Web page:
[9]Gene Germanovich, James Black, Linda Slapakova, Stephen J. Flanagan, Theodora Ogden, “Enhancing US-Finnish and regional defence cooperation”, (2021) https://www.rand.org/pubs/research_reports/RRA1424-1.html
[10]Johan Ahlander, “Sweden plans to up defence budget to 2% of GDP as Russia threat looms”, 10 March 2022, https://www.reuters.com/world/europe/sweden-finland-further-strengthen-security-cooperation-2022-03-05/
Ibid.
[11] “Swedish PM rejects opposition calls to consider joining NATO”, 8 March 2022, https://www.reuters.com/world/europe/applying-join-nato-would-destabilize-security-situation-swedish-pm-says-2022-03-08/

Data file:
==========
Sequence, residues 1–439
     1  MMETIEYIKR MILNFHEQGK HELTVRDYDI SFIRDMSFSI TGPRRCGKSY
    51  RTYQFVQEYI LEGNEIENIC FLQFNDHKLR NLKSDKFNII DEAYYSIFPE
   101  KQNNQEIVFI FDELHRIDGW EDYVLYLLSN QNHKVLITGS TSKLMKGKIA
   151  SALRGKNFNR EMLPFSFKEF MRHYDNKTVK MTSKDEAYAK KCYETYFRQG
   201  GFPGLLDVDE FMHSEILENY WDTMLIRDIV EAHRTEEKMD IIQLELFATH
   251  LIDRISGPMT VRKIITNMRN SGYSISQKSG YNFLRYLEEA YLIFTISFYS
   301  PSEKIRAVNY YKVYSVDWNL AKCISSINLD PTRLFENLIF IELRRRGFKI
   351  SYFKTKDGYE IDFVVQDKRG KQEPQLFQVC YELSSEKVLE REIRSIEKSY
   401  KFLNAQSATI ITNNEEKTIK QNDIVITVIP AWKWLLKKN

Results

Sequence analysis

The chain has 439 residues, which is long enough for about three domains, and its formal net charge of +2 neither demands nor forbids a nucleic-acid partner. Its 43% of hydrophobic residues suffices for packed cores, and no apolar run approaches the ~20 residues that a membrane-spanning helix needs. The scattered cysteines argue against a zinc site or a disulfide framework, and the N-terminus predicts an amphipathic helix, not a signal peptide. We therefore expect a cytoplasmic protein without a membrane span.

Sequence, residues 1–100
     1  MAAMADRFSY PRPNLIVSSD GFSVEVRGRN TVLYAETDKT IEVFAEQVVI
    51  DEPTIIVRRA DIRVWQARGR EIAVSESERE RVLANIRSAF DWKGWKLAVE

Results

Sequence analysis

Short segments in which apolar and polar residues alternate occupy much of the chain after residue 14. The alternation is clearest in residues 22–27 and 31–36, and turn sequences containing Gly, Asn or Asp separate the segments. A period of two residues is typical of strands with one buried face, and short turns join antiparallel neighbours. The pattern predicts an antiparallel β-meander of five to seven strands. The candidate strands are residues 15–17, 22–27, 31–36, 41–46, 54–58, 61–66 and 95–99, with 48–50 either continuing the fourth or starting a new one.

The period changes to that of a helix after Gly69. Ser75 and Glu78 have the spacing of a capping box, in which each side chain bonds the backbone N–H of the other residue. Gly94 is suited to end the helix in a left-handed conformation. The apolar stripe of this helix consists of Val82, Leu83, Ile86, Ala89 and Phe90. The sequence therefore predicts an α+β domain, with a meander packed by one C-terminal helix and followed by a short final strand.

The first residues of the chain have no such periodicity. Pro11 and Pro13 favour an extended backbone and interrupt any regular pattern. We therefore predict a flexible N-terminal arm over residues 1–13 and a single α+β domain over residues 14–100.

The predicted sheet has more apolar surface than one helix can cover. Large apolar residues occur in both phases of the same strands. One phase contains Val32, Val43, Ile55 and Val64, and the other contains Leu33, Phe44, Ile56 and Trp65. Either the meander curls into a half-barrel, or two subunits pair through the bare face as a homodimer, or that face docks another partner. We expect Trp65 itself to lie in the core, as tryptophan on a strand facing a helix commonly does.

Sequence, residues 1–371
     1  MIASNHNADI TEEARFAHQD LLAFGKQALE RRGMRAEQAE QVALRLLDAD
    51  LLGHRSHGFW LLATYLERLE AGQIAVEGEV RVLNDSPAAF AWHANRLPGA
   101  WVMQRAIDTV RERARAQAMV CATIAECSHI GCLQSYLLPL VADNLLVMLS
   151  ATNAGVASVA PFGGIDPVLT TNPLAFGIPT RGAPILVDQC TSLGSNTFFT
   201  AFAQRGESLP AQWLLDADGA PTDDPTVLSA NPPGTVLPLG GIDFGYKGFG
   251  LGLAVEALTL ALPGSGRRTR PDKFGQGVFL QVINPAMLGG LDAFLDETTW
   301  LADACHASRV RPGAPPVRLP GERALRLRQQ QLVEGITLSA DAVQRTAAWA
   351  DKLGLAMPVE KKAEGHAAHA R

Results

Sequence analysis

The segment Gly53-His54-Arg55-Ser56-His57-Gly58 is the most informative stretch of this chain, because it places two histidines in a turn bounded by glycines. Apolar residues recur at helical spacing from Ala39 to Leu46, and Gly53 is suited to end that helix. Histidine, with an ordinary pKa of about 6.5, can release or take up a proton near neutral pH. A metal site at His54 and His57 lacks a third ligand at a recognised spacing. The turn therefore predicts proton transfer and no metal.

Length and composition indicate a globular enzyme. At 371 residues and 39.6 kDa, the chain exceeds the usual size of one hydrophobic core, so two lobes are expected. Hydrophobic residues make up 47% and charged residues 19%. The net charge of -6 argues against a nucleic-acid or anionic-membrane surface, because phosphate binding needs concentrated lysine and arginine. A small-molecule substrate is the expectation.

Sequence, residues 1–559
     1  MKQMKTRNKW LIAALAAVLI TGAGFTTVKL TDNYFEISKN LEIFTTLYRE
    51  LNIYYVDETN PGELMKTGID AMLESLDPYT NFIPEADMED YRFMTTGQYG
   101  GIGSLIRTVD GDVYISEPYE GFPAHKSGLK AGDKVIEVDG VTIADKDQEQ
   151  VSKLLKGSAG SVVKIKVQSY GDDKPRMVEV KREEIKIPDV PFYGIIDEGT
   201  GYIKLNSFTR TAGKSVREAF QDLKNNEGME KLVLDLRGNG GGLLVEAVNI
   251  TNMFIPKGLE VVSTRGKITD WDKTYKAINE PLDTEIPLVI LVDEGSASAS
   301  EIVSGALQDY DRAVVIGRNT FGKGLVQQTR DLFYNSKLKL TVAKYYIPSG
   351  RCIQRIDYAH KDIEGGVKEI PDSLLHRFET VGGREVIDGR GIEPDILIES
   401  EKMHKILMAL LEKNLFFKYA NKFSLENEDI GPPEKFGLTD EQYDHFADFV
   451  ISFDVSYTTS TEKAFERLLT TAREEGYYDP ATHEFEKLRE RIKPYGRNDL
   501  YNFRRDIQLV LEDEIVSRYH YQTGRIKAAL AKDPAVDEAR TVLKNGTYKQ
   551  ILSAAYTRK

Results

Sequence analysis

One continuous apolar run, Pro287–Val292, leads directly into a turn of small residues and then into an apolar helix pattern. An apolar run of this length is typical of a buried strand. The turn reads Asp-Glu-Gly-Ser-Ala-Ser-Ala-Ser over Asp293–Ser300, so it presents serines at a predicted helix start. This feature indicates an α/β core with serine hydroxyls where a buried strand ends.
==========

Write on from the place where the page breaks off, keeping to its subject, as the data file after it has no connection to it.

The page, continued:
(The paper is the author’s individual scholastic articulation. The author certifies that the article/paper is original in content, unpublished and it has not been submitted for publication/web upload elsewhere, and that the facts and figures quoted are duly referenced, as needed, and are believed to be correct). (The paper does not necessarily represent the organisational stance... More >>